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Cholesterol Medication Guidelines Efficient And Cost Effective, Studies Find

Cholestoral Medications

Guidelines concerning cholesterol-lowering medications could improve efficiency and lower cost, according to two studies.

The new research examines the recommendation that all people from ages 40 to 75 with a 7.5 percent or higher risk of having a stroke or heart attack receive statin drugs, reports Reuters.

The guidelines, issued by the American College of Cardiology and the American Heart Association in 2013 also advise statins for people with diabetes, cardiovascular disease, and for adults with high cholesterol.

Both studies explored the controversial formula which predicts a person’s risk of a cardiovascular event. The formula takes into account several risk factors including blood pressure, cholesterol levels and age, CNN reported.

One of the studies, published in The Journal of the American Medical Association, found that the guidelines would prevent 40,000 to 60,000 cardiovascular events over a period of ten years, in spite of past criticism from some experts that many patients are needlessly being treated with cholesterol lowering medications. At least 40 million Americans are currently taking medications containing statin, the key ingredient in cholesterol lowering medications.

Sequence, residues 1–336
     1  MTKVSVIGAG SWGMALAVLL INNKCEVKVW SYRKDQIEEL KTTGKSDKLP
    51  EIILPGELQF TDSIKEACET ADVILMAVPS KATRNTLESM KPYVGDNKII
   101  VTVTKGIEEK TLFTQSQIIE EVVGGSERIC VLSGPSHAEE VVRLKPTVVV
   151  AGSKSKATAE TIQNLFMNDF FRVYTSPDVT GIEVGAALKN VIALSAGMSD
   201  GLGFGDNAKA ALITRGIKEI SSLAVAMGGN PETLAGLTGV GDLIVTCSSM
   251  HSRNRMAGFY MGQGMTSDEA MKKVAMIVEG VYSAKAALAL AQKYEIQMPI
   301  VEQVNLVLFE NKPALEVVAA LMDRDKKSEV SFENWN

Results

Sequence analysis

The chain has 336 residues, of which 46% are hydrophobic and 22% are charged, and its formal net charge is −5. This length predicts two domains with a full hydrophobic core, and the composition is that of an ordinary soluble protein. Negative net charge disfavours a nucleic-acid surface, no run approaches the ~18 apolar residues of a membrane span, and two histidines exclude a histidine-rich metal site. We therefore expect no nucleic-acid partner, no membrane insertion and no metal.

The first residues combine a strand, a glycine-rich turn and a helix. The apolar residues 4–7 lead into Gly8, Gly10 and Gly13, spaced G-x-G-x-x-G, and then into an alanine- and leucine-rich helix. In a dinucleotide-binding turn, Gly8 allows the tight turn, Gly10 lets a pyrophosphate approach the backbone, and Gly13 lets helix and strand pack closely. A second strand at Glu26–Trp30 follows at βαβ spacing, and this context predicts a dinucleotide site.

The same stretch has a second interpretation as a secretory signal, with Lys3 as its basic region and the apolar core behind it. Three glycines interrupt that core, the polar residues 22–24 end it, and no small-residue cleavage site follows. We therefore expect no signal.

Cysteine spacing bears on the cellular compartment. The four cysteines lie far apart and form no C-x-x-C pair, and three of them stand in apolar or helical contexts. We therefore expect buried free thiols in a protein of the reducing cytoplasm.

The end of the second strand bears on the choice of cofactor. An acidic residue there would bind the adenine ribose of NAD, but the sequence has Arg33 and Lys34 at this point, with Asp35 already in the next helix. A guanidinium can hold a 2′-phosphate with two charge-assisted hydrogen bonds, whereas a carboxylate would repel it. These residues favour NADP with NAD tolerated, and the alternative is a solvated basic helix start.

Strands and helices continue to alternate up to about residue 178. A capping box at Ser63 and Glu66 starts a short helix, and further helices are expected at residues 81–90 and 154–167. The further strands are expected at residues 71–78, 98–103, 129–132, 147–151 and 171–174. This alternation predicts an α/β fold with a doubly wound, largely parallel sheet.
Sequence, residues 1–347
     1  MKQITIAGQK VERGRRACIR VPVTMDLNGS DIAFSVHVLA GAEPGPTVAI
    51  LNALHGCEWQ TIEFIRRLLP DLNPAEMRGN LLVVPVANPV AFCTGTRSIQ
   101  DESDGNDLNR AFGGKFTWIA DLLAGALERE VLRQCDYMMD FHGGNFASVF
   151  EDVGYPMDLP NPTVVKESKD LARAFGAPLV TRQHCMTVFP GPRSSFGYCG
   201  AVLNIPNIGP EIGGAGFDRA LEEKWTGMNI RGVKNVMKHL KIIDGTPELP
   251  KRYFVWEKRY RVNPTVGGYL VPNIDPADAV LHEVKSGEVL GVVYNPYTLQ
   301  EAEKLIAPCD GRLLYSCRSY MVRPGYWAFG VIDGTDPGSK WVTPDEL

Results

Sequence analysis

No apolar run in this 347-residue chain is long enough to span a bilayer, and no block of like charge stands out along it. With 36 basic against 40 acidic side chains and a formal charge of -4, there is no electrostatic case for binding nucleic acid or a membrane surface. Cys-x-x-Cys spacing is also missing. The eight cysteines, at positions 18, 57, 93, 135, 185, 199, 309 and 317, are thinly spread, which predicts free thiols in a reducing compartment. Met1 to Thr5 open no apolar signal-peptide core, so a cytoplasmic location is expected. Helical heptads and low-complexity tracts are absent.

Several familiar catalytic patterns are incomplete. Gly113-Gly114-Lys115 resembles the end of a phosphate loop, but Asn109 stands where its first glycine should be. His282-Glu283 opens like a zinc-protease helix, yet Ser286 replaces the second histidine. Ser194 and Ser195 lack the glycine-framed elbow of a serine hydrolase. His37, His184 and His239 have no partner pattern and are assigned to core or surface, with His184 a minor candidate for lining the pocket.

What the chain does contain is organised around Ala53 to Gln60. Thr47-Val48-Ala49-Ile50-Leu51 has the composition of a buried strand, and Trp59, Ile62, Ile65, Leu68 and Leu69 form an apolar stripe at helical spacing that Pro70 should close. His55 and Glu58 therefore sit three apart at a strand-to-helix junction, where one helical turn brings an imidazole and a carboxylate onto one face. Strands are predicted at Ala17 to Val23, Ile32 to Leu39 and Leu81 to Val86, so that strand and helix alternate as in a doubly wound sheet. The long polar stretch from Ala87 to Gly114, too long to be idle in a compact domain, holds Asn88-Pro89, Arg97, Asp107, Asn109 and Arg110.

Dr. Udo Hoffmann of Massachusetts General Hospital and Harvard Medical School in Boston, and senior author on one of the studies, says the new guidelines would result in 12.8 million more Americans being prescribed drugs with statins. Some of the more common prescription statin drugs include Zocor, Crestor, and Lipitor.

“Statins are one of the most effective medicines,” said Dr. Hoffman.

Statins are one of the most effective medicines, and this is reassuring that the new guidelines do work.

The other study, published in the journal Heart, found using the cardiovascular risk formula outlined in the guidelines to be a cost effective approach. The researchers used a computer-generated model to weigh the cost of prescribing more statins to people at risk against the health gains.

The study reports that the “lives saved were worth the extra cost.”

The cost of a year’s supply of statins is far less than the total amount of medical bills concerning cardiovascular events. “(…) most are generic, and only cost about 100 dollars for a year’s supply,” said Dr. Thomas Gaziano, study author and assistant professor at Harvard Medical School.

In 2004, most statins were between one and two thousand dollars per. Now most are generic, and only cost about 100 dollars for a year’s supply.

In more exciting news concerning cardiovascular health, Immortal News recently reported that eating a small amount of chocolate each day could improve overall heart health.

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